In addition, exterior and interior plaster are also part of the walls. The market offers special types of plaster for every need, such as B. thermal insulation plaster, water-repellent plaster and synthetic resin plaster, which are usually used in the shoring with each other as a base or finish. These can have different thermal conductivities and thus lower the primary energy requirement.
Specifications and measures for an energy-saving roof
The roofs built in the last few decades consisted of the classic brick with a supporting frame made of wooden beams. Here, too, the requirements have changed considerably, not only from the perspective of the legislature, but also from the point of view of the resident. In the past, sealing materials were poured into the false ceiling, the area between the attic and the floor below, to insulate the roof.
Today you can find mineral wool up to a thickness of 26 centimeters in these spaces in order to keep the heat losses as small as possible. For this, the professional installation of all layers such as rafters, counter battens or plasterboard panels is particularly important so that the vapor barrier can be installed in the roof without damage.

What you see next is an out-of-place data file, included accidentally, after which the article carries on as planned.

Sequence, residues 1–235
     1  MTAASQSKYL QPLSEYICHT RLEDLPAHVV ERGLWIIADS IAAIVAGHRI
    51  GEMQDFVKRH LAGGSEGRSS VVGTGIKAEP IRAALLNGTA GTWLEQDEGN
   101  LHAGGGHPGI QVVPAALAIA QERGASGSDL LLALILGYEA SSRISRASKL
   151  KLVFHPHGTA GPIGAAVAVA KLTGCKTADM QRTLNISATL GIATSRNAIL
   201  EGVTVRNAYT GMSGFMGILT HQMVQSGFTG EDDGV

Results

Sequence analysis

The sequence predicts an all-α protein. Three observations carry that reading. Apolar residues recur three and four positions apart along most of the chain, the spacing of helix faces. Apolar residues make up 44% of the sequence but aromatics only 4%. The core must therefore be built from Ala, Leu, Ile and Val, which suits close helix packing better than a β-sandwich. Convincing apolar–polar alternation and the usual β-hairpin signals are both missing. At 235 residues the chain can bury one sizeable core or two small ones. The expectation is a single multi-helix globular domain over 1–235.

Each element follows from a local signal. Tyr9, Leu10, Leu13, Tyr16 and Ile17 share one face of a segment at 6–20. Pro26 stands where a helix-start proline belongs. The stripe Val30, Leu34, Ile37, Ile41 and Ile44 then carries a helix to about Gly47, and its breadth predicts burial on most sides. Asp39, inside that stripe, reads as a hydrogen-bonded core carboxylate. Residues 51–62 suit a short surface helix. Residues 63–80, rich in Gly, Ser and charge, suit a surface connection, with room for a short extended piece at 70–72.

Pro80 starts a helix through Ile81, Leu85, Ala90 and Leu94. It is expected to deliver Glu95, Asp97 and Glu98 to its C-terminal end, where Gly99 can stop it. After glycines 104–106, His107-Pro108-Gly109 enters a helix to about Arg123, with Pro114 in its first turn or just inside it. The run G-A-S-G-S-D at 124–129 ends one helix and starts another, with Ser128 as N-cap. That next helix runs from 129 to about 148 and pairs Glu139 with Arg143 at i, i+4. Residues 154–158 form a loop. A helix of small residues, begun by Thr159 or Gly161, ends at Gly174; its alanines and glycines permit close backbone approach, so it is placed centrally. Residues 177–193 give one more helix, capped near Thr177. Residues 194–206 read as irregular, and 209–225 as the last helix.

Due to the previous thermal insulation ordinance and the EnEV, which replaced it in 2002, the demands on thermal insulation increased continuously. Due to these increasing demands on the insulation of the roof, the construction or retrofitting of a tight building envelope is promoted here as well. As with the exterior wall, the guide value U is 0.24 W / (m2K). Consequently, the same low heat loss should be achieved through building components such as insulating wool and wooden rafters even without bricks.
Specifications and measures for energy-saving windows
If the demands on the masonry and roof increase, the windows must also be considered. In 1977 the specification for windows was a thermally insulated aluminum and steel profile with a U-value of 3.5 W / (m2K). The EnEV, in turn, stipulates a minimum value of 1.3 W / (m2K) or better without the material of the window frame being subdivided. A separate value of 1.1 W / (m2K) is specified for the glazing. When buying the frame and glazing as a whole, make sure that the window has a value of 1.3 W / (m2K). In connection with windows and doors, another important term comes up with the joint permeability coefficient.